Talk:Neural - Thalamus Development
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Cite this page: Hill, M.A. (2020, November 25) Embryology Neural - Thalamus Development. Retrieved from https://embryology.med.unsw.edu.au/embryology/index.php/Talk:Neural_-_Thalamus_Development
Development of the thalamus: From early patterning to regulation of cortical functions Abstract The thalamus is a brain structure of the vertebrate diencephalon that plays a central role in regulating diverse functions of the cerebral cortex. In traditional view of vertebrate neuroanatomy, the thalamus includes three regions, dorsal thalamus, ventral thalamus, and epithalamus. Recent molecular embryological studies have redefined the thalamus and the associated axial nomenclature of the diencephalon in the context of forebrain patterning. This new view has provided a useful conceptual framework for studies on molecular mechanisms of patterning, neurogenesis and fate specification in the thalamus as well as the guidance mechanisms for thalamocortical axons. Additionally, the availability of genetic tools in mice has led to important findings on how thalamic development is linked to the development of other brain regions, particularly the cerebral cortex. This article will give an overview of the organization of the embryonic thalamus and how progenitor cells in the thalamus generate neurons that are organized into discrete nuclei. I will then discuss how thalamic development is orchestrated with the development of the cerebral cortex and other brain regions. This article is categorized under: Nervous System Development > Vertebrates: Regional Development Nervous System Development > Vertebrates: General Principles. © 2019 Wiley Periodicals, Inc. KEYWORDS: neocortex; thalamocortical projections; thalamus PMID: 31034163 DOI: 10.1002/wdev.345
Thalamus Controls Development and Expression of Arousal States in Visual Cortex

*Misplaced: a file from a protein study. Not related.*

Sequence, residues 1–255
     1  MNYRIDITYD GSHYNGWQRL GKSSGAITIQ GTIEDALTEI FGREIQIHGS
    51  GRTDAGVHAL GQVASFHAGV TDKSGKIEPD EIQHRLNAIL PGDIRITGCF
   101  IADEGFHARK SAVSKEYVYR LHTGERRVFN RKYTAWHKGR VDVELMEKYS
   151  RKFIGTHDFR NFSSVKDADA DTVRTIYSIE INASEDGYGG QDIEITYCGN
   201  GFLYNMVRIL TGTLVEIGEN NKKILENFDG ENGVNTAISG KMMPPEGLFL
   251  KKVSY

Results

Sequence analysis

Murata Y & Colonnese MT. (2018). Thalamus Controls Development and Expression of Arousal States in Visual Cortex. J. Neurosci. , 38, 8772-8786. PMID: 30150360 DOI. Murata Y1, Colonnese MT2. Author information Abstract Two major checkpoints of development in cerebral cortex are the acquisition of continuous spontaneous activity and the modulation of this activity by behavioral state. Despite the critical importance of these functions, the circuit mechanisms of their development remain unknown. Here we use the rodent visual system as a model to test the hypothesis that the locus of circuit change responsible for the developmental acquisition of continuity and state dependence measured in sensory cortex is relay thalamus, rather than the local cortical circuitry or the interconnectivity of the two structures. We conducted simultaneous recordings in the dorsal lateral geniculate nucleus (dLGN) and primary visual cortex (VC) of awake, head-fixed male and female rats using linear multielectrode arrays throughout early development. We find that activity in dLGN becomes continuous and positively correlated with movement (a measure of state dependence) on P13, the same day as VC, and that these properties are not dependent on VC activity. By contrast, silencing dLGN after P13 causes activity in VC to become discontinuous and movement to suppress, rather than augment, cortical firing, effectively reversing development. Thalamic bursting, a core characteristic of non-aroused states, emerged later, on P16, suggesting these processes are developmentally independent. Together our results indicate that cellular or circuit changes in relay thalamus are critical drivers for the maturation of background activity, which occurs around term in humans.SIGNIFICANCE STATEMENT The developing brain acquires two crucial features, continuous spontaneous activity and its modulation by arousal state, around term in humans and before the onset of sensory experience in rodents. This developmental transition in cortical activity, as measured by electroencephalogram (EEG), is an important milestone for normal brain development and indicates a good prognosis for babies born preterm and/or suffering brain damage such as hypoxic-ischemic encephalopathy. By using the awake rodent visual system as a model, we identify changes occurring at the level of relay thalamus, the major input to cortex, as the critical driver of EEG maturation. These results could help understand the circuit basis of human EEG development to improve diagnosis and treatment of infants in vulnerable situations. KEYWORDS: cortex; preterm; resting state; spontaneous activity; thalamus PMID: 30150360 DOI: 10.1523/JNEUROSCI.1519-18.2018